Note: All testing was conducted under Microsoft Virtual Server 2005 R2 (SP1). In the case of SoftGrid, a Windows Server 2003-based Active Directory environment was created to support the SoftGrid server components. For Symantec SVS Pro, I used a non-Active Directory Windows Server 2003 instance. Thinstall didn’t require any server components; however, I did use the SoftGrid server to host a cached share point containing Thinstall-packaged executables.
Microsoft SoftGrid 4.2
When I first reviewed SoftGrid in July 2006 ("SoftGrid opens a stream toward application manageability") I found a product with tremendous promise saddled with an overly complex sequencing process and myriad runtime limitations. It’s now a year later and virtually nothing has changed. Version 4.2 is still plagued by UI quirks and omissions, the failure to automatically share the Content folder during the server installation process being the most glaring (unforgivable, really). There has been no real improvement in application compatibility; for example, SoftGrid still can’t handle applications that employ headless services (such as systems management agents). In fact, other than support for Windows Vista as a client OS, SoftGrid is effectively unchanged from its previous incarnation.
All of which makes the logic behind Microsoft’s decision to acquire SoftGrid from its original developer, Softricity, all the more apparent. The Redmond giant has a history of obtaining half-baked products for the purpose of gaining access to a particular core technology -- in this case, the SoftGrid virtualization client and streaming engine. Microsoft needs these code nuggets in order to flesh out its grand scheme for a subscription-based computing model (see my blog post, "Microsoft's Virtualization Endgame," for details). And barely 12 months since the acquisition, the gutting has begun.
For example, Microsoft recently announced a new packaging tool for SoftGrid, one that allows customers to redistribute SoftGrid-encoded applications using Microsoft’s Windows Installer service. This makes it easier for customers to decouple the virtualization client layer from the streaming server layer, effectively making the SoftGrid OSD package format a viable stand-alone delivery platform, much as the company’s VHD (Virtual Hard Disk) format functions for virtual servers. It also helps SoftGrid applications play better with existing configuration management environments because the OSD is wrapped within the widely supported Windows Installer (MSI) package format.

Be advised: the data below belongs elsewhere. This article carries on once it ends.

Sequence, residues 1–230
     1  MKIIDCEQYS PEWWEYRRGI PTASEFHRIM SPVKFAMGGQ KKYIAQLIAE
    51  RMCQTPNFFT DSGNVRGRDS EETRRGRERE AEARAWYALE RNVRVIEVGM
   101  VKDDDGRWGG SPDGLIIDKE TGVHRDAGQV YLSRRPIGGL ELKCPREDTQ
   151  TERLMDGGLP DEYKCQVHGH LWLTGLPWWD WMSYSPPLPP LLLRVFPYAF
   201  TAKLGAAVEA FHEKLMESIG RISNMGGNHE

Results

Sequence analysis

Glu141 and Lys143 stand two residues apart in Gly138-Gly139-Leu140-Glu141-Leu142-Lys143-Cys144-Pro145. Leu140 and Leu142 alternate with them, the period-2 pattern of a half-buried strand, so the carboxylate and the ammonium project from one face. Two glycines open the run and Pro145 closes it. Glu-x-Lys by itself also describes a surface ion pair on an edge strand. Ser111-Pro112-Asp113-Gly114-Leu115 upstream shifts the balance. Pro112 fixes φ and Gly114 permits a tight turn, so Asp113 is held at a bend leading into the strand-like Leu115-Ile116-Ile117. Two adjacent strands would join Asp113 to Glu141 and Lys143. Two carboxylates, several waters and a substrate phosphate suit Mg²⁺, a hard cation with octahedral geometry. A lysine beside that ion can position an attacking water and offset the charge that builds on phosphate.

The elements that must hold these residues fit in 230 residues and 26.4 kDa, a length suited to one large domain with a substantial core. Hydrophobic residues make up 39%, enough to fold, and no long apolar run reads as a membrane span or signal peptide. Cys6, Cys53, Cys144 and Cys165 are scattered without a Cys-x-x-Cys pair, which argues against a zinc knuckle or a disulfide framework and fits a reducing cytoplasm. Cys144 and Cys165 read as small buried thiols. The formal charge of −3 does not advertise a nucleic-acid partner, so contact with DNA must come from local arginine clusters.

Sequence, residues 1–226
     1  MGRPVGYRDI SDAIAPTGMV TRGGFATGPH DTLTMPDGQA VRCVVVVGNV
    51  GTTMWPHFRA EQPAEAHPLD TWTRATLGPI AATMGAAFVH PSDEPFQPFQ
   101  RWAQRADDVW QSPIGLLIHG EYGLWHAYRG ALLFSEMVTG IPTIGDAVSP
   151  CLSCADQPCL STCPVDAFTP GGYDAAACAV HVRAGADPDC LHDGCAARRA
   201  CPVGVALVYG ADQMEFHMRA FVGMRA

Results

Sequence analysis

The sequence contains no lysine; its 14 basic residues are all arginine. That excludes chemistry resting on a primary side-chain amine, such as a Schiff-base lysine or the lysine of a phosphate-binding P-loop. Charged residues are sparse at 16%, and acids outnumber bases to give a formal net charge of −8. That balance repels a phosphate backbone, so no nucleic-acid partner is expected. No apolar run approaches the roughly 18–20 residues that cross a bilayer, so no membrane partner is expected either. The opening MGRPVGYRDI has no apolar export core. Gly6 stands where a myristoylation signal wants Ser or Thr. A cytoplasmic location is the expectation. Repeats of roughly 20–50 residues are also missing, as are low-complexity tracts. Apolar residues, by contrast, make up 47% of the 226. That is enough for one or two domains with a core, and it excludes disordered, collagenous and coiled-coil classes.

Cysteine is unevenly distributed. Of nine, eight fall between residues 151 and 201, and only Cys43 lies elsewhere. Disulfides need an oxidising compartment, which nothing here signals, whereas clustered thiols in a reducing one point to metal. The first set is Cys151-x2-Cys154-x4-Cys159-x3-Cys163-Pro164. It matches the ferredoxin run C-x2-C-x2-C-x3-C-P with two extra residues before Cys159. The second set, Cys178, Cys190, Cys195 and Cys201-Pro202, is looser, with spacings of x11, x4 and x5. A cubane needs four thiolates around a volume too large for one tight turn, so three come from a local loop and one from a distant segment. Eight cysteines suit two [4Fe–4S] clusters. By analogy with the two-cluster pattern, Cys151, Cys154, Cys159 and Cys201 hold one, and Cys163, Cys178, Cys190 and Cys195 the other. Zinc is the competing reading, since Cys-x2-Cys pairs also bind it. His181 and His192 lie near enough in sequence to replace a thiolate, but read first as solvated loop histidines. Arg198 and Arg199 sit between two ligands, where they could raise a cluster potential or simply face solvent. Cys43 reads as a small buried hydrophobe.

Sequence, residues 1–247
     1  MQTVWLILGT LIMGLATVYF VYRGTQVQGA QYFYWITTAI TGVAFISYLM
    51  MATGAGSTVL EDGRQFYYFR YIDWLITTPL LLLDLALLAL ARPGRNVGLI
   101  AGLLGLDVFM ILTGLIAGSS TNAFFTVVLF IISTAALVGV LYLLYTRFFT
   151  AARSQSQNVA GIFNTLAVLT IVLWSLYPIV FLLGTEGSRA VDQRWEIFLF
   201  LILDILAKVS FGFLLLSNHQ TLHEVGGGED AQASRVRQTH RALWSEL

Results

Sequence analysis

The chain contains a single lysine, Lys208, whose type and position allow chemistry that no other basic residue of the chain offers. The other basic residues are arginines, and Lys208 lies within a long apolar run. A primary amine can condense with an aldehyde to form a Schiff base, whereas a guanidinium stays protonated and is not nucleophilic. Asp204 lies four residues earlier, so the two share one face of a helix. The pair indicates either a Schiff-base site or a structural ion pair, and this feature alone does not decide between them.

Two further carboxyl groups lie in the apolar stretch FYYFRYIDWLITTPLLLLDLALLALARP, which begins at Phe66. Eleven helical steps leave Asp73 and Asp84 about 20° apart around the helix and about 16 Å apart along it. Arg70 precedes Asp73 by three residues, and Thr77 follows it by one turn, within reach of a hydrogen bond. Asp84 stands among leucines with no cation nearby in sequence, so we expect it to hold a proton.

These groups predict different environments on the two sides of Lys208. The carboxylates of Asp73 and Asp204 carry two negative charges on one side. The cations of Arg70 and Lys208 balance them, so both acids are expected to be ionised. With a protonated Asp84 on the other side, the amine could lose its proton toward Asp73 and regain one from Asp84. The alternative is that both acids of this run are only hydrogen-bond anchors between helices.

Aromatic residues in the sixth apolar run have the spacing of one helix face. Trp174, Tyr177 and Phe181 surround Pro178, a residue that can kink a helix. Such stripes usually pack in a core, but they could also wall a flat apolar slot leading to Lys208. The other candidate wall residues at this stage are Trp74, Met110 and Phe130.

MSI compatibility is only the first step. Microsoft will likely do an even more thorough strip job as time goes on, dumping much of the existing management UI, which is awkward at best, in favor of an even more seamless integration with MSCCM (Microsoft System Center Configuration Manager). The company doesn’t think much of SoftGrid as a separate product, as evidenced by its decision to release what was essentially the entire Softricity product catalog as a set of free tools (the Microsoft Desktop Optimization Pack for Software Assurance) for customers in the Microsoft Software Assurance program. Clearly, this is a product acquisition in which the sum of the parts is considered greater than the whole.
I tested SoftGrid 4.2 running under Microsoft Virtual Server 2005 R2 (SP1). As with previous versions, the SoftGrid server components require a Microsoft Active Directory environment in order to function. There are a variety of additional requirements, including Microsoft Internet Information Services and Microsoft Management Console 3.0, the latter of which must be downloaded separately. The SoftGrid installer does a good job of flagging any missing pieces, but does not offer to install them from within the setup wizard -- an un-Microsoft behavior that will likely be fixed when the company further integrates SoftGrid with MSCCM.
During benchmark testing, SoftGrid streamed a virtualized Office 2003 package to the desktop with initial startup times of 13, 10, 9, and 12 seconds for Word, Excel, PowerPoint, and Access respectively, all while consuming from 92Mbps to 110Mbps of network bandwidth. Subsequent streaming operations to support accessing additional functionality outside of the initial startup blocks triggered another 50Mbps to 80Mbps of network traffic. Caching the entire Office suite for offline use took just under two minutes while pushing peak bandwidth utilization to 124Mbps.